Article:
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An Open Heart: Practicing Compassion in Everyday Life    by The Dalai Lama order for
Open Heart
by The Dalai Lama
Order:  USA  Can
Little, Brown & Co., 2002 (2001)
Hardcover, Paperback, Audio

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* * *   Reviewed by Hilary Williamson

Reading this book in September 2001, I found it ironic that it was drawn from lectures given by the fourteenth Dalai Lama to audiences in New York City in 1999. However, in the aftermath of the storm of hatred and violence that hit the city on September 11th, these teachings on compassion were both relevant and comforting. After a display of the depths to which humanity can sink, they give us a glimpse of the heights to which we can aspire. The book cover displays a wonderful image of the Dalai Lama, showing the benign face of a man at peace with himself and the world.

The book is taken from three days of teachings before 3000 people, and includes the full transcript of a Sunday talk given to over 200,000 in Central Park. It was edited by Nicholas Vreeland, himself a practicing Tibetan Buddhist monk. This is not an abstruse tome but rather a small and accessible volume that explains 'the key methods by which Buddhist practitioners have cultivated compassion and wisdom in their lives'. It is written by the most authoritative living source on the subject, the Dalai Lama, winner of the Nobel Peace Prize in 1989.

Sources for the teachings are three sacred texts of Buddhism: Middle-Length Stages of Meditation by Kamalashila; The Thirty-Seven Practices of Bodhisattvas by Togmay Sagpo and Eight Verses on Training the Mind by Langri Tangpa. The emphasis is on ways to train the mind and heart in order to develop compassion towards all beings, and the explanations are clear and comprehensible. The author quotes the Buddha himself, who said 'do not accept my words simply out of reverence. You should subject them to critical analysis and accept them on the basis of your own understanding.' The Dalai Lama encourages critical analysis of his words, pointing out that research and scrutiny 'should be thought of as one form of meditation'.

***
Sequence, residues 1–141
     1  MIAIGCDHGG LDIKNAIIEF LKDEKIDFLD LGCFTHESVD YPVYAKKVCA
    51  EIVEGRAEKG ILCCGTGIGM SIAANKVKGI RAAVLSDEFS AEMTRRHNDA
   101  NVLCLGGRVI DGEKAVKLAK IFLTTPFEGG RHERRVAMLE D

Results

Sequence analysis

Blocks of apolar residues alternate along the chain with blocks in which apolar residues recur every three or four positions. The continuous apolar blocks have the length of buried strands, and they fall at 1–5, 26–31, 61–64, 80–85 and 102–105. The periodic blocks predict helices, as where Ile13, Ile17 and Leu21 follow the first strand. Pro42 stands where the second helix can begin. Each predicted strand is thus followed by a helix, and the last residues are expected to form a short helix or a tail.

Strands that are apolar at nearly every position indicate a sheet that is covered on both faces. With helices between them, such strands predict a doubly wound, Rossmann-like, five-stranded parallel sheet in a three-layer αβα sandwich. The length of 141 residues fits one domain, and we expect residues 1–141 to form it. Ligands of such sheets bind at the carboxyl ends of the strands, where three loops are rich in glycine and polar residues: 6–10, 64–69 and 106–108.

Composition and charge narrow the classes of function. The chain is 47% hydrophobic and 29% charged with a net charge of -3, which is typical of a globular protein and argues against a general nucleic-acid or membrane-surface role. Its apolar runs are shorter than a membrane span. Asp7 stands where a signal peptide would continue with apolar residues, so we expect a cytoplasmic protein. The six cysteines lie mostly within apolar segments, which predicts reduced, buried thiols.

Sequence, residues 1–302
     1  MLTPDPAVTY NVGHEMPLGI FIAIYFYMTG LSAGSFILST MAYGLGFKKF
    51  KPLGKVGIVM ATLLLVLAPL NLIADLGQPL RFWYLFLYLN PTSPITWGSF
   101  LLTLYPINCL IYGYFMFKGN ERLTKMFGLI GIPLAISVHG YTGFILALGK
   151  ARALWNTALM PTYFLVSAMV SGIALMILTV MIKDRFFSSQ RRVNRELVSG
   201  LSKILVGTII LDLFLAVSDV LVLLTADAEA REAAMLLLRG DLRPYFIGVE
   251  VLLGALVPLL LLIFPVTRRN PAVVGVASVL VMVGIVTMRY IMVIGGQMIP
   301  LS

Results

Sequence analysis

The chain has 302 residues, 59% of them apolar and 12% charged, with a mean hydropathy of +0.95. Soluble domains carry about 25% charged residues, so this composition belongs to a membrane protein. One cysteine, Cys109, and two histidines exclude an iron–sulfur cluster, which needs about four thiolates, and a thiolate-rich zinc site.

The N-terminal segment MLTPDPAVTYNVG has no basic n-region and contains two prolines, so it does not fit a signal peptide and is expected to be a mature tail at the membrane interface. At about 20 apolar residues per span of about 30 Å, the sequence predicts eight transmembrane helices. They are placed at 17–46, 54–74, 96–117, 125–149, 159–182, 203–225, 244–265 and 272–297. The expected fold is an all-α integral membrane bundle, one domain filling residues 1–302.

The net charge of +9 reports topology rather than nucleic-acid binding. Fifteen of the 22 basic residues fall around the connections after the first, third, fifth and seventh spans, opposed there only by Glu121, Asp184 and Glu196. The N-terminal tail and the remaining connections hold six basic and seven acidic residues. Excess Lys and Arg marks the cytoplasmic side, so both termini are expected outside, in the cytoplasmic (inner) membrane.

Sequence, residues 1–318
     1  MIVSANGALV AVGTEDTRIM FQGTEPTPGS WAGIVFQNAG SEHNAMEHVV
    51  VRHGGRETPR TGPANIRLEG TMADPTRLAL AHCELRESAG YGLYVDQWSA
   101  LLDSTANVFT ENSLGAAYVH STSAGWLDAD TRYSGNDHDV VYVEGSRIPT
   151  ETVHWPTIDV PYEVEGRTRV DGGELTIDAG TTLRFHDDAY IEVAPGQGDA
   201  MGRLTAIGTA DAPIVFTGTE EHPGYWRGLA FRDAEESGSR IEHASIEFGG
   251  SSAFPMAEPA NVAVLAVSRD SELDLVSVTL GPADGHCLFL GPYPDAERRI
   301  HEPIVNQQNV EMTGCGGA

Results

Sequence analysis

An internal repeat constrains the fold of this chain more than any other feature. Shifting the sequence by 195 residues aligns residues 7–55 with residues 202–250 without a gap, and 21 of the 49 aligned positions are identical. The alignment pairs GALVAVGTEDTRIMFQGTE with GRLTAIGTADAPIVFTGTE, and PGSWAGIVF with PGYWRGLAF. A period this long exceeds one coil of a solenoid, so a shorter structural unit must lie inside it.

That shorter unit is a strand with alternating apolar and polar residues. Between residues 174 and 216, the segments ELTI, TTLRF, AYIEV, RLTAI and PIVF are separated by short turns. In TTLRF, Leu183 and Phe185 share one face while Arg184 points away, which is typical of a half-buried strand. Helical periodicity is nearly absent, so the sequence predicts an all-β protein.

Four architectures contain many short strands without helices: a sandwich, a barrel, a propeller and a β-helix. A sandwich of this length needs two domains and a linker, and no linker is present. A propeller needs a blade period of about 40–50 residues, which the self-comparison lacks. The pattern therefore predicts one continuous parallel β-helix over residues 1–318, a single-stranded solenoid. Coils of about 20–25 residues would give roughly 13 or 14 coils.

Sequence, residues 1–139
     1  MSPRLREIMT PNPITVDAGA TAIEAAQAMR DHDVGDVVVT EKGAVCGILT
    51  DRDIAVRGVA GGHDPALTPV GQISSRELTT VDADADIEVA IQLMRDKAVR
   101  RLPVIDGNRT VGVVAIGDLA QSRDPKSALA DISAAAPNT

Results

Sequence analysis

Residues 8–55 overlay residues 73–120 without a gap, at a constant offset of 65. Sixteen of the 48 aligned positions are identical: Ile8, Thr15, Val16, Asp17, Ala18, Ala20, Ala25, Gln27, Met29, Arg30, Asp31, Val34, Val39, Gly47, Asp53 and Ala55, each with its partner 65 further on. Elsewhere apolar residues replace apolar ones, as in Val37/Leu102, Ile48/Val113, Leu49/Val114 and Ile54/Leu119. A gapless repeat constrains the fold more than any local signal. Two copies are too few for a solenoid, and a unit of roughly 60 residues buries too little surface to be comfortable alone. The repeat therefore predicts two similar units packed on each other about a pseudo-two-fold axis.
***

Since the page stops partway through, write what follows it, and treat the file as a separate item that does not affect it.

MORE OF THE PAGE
In fact, this book changed my notion of what meditation is all about, suggesting that there is a great deal more to it than simply sitting cross-legged and focussing on an object - which the author describes later in the book as a technique for developing a skill which can be used to different ends ... 'Meditation is merely the process whereby we gain control over the mind and guide it in a more virtuous direction. Meditation may also be thought of as a technique by which we diminish the force of old thought habits and develop new ones. Yet the techniques themselves do not lead to enlightenment or a compassionate and open heart. That is up to you'.

The Dalai Lama discusses the consequences of negative emotions like anger and hatred. He explains the irrationality of 'responding to injustice or harm with hostility' whose symptoms do not harm our enemies but ourselves, and suggests that responses, free of hatred or anger and taken with a cool head, can be much more effective. 'You must not consider tolerance and patience to be signs of weakness. I consider them signs of strength.'

An Open Heart is a book to be kept close by and re-read on a regular basis by all sentient beings, no matter their religious affiliation. These verses were part of the Sunday talk in Central Park ...

May the poor find wealth,
Those weak with sorrow find joy.
May the forlorn find new hope,
Constant happiness and prosperity.

May the frightened cease to be afraid,
And those bound be free.
May the weak find power,
And may their hearts join in friendship.

I hope that many will open their hearts to the Dalai Lama and to his teachings.

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